I think the reason we still have a ‘Hard Problem’ with consciousness is that we’ve been asking the wrong question….

Ask how the brain produces consciousness and you hit a wall.  There really seems no way of getting from neural activity to conscious experience. And that will remain true in the future even if a perfect neuroscience is able to analyse brain activity down to the individual neuron, and show me exactly which bits of my brain appear to be controlling which of my experiences and thoughts.  I can see no way in which the Hard Problem can be solved by better neuroscience.

But reverse the question and things become much more interesting.  Start with the given; start with what you know – consciousness. How is it possible for consciousness to create and shape the features of a functioning brain?  How is it that experiencing something can be encapsulated by brain activity in response to sensory stimulation? In other words, how does the brain handle consciousness?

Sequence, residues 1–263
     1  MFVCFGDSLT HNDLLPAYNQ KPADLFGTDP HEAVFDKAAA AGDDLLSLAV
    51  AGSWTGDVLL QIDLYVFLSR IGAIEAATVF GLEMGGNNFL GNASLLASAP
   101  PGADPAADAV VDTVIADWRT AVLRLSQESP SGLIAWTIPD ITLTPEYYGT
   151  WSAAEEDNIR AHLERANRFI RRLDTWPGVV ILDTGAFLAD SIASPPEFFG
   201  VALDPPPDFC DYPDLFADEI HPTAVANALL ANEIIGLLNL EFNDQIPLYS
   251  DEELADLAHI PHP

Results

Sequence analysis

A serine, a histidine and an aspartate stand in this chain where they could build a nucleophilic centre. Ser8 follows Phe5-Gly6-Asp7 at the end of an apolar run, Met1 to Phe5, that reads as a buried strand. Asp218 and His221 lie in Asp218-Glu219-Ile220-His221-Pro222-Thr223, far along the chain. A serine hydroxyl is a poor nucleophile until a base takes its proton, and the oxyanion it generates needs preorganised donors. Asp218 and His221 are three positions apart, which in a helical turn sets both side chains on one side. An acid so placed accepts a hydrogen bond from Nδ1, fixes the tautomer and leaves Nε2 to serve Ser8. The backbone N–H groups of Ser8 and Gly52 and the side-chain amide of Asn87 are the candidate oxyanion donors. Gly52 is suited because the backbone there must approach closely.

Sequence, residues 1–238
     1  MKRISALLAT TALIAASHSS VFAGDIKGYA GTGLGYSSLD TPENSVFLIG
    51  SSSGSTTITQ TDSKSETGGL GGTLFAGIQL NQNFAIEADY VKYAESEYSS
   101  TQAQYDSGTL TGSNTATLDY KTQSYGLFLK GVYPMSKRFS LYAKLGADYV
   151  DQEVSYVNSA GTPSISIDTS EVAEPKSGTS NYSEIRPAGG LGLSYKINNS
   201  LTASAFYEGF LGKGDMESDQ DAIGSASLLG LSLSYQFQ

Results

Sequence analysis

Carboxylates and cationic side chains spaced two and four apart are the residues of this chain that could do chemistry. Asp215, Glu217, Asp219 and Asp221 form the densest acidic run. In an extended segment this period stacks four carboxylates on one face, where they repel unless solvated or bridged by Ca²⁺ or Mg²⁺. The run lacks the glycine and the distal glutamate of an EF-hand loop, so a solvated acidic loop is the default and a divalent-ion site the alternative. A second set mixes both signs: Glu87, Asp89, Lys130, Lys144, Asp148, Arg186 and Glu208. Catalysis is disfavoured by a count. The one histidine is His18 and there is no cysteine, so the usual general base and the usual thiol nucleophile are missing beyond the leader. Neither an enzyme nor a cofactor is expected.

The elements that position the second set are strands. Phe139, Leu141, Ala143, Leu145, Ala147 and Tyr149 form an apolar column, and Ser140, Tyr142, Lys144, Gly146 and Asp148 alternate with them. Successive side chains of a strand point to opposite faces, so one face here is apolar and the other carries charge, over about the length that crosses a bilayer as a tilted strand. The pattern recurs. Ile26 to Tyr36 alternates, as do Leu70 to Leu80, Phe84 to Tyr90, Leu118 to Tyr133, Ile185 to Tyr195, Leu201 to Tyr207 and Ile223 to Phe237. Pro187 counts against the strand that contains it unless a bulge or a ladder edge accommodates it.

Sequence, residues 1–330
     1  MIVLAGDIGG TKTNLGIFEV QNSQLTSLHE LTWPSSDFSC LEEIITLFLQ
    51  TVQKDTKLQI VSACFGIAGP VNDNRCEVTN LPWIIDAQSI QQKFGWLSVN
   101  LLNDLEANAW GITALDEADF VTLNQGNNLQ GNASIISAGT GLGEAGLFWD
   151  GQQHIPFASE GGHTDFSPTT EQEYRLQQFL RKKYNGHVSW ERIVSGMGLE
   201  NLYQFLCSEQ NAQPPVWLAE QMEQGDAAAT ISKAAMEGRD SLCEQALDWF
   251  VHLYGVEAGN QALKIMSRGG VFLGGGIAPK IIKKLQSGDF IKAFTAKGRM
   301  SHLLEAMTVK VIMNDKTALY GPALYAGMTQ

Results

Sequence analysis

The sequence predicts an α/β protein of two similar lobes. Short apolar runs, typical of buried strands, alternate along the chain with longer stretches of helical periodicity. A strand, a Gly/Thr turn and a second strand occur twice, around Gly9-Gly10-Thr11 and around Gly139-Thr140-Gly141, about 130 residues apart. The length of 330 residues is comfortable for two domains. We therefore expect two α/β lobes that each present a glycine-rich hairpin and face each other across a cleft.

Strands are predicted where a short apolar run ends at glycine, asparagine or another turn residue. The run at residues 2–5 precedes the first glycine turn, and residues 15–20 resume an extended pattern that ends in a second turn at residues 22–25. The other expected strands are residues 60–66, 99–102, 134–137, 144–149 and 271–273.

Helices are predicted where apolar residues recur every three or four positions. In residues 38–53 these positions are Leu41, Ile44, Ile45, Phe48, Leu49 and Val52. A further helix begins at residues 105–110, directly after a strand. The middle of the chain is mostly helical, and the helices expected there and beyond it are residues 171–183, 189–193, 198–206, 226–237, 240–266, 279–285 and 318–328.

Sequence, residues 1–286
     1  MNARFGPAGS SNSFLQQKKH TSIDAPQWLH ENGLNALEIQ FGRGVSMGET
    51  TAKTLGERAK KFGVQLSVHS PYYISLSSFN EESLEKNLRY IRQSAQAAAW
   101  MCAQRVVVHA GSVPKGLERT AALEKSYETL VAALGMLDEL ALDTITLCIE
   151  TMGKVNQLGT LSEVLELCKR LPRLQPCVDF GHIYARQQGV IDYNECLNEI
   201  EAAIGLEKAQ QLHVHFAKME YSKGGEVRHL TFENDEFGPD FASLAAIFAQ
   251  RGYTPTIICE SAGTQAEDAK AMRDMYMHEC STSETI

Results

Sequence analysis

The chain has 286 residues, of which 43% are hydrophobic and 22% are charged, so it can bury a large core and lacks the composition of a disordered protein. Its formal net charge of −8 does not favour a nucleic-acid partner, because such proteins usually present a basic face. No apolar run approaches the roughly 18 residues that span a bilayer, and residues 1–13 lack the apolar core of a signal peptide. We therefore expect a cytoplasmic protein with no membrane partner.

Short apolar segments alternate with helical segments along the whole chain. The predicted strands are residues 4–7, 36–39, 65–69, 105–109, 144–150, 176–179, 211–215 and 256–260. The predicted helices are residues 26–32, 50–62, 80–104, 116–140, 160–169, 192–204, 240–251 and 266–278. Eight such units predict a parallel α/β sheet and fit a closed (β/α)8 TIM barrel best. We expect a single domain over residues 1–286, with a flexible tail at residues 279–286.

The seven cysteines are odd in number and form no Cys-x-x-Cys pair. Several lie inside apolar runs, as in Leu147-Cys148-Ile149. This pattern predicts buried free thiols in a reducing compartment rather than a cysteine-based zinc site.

And we need to start here, because we have evolved, and with our evolution has come the development of senses, nervous systems and the brain.  The brain has not been dropped into our heads ready formed by some deus ex machina. It has developed and increased in size over long periods of evolution in response to, and in order to further facilitate, our increasingly complex consciousness. The brain performs a function, and a significant part of that function is to enable us to understand and respond to our experience; it remembers and evaluates, so that it can respond appropriately to similar experiences in the future.  That function enables us to survive, and the survival benefit of that function has enabled us to develop with ever increasing neural capacity.